by Carlos Herrera I’m happy I know how to turn down my drinking buddies on the biggest partying night of the year. But that doesn’t mean it’s always easy. This New Year’s Eve, when the clock hits midnight, millions of people will kiss their significant others, drink champagne and raise a toast to a lovely year…
by Ash Thoms It’s New Year’s Eve, and waking up to that realization is exciting. The new year is so close, with new experiences, friends, happiness and trials to be had. I spend the first few moments checking my phone to see what all of my friends are planning as resolutions for the next year.…
Remember, alcohol is not needed to have fun. You can stay strong and abstain from drinking on New Year’s Eve by having a solid game plan, reminding yourself of why you stopped drinking, relying on AA meetings and your sponsor, and surrounding yourself with people who won’t be drinking on New Year’s Eve.
Journalist and author Jane Velez-Mitchell speaks candidly about how she has celebrated New Year’s Eve in the 17 years she has been sober.
For those in addiction recovery, there may be a desire to lock yourself in the basement during the holiday season until it’s over. However, connecting with others and attending communal events are needed for optimal recovery.
Holiday time is usually party time, whether with family, friends or colleagues. The good news is that we can still have fun at parties! We just have to be a bit extra vigilant, especially if we’re fairly new to sobriety. Here are some tried-and-true tips for you on how to party clean and sober – and stay that way!
If I had continued drinking there was a very good chance I would not actually have been here to write this today. My addiction would have robbed my family of a father and husband. It would have been a much different holiday experience for my wife and children had I not been able to be here with them to share in the joy.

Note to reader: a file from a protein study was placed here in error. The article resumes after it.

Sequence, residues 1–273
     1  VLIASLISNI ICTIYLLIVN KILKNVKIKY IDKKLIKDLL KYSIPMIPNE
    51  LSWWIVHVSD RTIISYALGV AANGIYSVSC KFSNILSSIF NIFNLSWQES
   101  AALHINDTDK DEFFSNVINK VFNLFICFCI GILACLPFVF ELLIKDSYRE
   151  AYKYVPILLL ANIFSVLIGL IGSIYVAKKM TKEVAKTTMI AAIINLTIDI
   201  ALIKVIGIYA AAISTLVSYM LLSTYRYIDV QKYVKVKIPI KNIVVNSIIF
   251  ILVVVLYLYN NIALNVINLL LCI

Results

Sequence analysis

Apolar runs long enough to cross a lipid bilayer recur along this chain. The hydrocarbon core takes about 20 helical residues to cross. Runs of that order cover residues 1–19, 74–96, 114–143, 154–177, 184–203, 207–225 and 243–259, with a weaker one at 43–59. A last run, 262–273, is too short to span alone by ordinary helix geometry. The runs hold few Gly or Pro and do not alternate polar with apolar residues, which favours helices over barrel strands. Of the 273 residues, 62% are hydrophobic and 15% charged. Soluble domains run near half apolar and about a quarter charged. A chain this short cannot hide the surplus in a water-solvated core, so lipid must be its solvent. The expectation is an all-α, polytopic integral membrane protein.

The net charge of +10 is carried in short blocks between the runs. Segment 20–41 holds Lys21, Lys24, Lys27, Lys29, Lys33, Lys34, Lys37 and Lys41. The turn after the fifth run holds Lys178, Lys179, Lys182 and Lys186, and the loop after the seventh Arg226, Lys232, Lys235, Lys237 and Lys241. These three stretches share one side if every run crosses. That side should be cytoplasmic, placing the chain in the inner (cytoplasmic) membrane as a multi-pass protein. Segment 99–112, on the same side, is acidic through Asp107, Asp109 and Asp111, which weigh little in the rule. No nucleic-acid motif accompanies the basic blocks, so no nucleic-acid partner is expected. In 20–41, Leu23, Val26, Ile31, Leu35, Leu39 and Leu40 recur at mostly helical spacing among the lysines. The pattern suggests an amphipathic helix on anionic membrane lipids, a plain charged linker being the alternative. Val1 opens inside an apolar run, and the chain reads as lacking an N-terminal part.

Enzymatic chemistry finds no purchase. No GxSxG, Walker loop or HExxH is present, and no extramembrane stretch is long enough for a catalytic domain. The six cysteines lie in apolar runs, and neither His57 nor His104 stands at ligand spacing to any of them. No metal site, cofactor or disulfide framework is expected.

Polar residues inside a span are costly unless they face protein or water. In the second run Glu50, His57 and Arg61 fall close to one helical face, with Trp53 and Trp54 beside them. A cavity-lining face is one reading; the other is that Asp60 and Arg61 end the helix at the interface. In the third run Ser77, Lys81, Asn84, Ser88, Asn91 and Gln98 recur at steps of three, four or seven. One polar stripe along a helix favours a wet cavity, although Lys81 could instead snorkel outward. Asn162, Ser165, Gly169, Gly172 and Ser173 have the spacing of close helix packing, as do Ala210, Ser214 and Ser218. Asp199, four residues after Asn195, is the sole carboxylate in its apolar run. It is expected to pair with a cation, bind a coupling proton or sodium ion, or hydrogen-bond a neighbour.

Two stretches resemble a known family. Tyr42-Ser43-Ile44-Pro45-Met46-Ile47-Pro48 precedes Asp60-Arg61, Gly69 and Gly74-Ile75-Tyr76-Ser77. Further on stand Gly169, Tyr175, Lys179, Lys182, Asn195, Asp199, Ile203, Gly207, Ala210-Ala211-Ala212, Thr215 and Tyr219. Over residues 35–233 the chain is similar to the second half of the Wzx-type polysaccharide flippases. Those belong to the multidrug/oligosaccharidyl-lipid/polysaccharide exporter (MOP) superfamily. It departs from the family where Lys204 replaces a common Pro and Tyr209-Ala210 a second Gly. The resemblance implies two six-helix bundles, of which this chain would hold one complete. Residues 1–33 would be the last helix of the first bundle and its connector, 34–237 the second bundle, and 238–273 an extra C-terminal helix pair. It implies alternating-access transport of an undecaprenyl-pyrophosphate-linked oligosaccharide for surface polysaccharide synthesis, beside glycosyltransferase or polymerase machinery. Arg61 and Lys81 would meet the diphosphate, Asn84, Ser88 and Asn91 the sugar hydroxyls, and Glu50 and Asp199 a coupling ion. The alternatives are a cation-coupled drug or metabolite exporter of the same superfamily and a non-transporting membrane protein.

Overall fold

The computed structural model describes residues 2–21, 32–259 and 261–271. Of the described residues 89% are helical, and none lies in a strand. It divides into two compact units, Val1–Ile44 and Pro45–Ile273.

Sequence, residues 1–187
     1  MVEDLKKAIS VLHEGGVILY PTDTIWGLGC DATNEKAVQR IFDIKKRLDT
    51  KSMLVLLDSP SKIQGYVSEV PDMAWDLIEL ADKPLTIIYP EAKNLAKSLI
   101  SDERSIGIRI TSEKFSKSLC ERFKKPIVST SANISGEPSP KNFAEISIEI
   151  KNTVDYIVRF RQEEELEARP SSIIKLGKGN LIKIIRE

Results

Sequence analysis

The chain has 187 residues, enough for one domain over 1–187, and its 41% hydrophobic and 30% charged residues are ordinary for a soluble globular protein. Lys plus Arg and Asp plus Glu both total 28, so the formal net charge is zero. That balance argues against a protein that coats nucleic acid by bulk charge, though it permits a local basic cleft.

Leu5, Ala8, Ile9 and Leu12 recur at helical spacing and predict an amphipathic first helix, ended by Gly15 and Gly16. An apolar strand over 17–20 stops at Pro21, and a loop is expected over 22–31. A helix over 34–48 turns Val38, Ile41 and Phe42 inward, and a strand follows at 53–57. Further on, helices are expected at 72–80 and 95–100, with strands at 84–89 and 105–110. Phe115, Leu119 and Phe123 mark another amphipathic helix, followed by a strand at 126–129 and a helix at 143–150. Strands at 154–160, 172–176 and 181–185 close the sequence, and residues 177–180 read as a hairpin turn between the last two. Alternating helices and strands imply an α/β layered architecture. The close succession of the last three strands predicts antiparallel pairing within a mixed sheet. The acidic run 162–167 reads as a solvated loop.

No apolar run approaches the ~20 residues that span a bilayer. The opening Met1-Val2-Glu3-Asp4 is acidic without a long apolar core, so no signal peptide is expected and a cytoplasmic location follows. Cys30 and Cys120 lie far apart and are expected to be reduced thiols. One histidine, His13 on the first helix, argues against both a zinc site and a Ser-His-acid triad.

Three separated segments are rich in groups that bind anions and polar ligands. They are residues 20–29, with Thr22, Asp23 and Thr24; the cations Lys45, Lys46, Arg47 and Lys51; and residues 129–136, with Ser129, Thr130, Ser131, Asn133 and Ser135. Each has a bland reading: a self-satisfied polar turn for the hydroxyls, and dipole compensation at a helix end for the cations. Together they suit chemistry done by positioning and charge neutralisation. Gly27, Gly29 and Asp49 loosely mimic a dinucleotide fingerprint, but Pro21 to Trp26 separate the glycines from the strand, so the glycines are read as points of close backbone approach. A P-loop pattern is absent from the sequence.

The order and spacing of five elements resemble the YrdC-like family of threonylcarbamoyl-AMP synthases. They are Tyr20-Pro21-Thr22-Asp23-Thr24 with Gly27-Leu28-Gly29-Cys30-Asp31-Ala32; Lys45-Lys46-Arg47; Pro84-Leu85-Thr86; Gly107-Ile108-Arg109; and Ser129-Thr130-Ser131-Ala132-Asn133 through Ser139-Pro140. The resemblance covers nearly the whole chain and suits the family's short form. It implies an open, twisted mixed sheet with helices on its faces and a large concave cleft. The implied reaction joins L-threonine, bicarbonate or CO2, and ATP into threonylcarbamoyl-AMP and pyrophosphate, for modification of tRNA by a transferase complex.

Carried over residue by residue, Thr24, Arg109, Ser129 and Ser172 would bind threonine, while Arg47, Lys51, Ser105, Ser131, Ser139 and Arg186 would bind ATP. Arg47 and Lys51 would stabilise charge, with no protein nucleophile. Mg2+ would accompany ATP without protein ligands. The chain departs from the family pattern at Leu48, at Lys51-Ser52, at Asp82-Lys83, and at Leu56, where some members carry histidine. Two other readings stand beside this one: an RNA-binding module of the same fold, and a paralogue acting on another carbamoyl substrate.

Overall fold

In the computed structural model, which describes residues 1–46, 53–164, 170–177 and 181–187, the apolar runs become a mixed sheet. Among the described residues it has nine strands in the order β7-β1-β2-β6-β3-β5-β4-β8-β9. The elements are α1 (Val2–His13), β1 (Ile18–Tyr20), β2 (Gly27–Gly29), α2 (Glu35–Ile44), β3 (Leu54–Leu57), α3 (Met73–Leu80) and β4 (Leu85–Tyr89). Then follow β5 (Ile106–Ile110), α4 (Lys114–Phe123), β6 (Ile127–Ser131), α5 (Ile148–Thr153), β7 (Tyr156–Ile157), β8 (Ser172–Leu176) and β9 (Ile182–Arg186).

I go to many parties and events related to this season but most are recovery related, with no drinking or drug use. I simply enjoy being around people in recovery much more these days. However, at family functions and other situations where there is drinking, my sobriety comes first. If I am finding that I am getting overwhelmed by the situation, I have the right to leave if necessary.
When you’re early in sobriety — or just going through a rough patch — the holidays can look pretty scary. All the hoopla, financial stress, the prospect of family get-togethers, being out of your comfort zone, or maybe the idea of spending the holidays on your own: these are all triggers for fear.Here’s some collected wisdom to help keep you clean and sober this holiday season.
A chosen family comes in handy whether you’re in recovery or not! We all seek comfort in our close friends when our traditional family ties are strained or otherwise difficult. In recovery, your chosen family is your recovery family, and that fellowship you share is the support system that can help you get through tougher…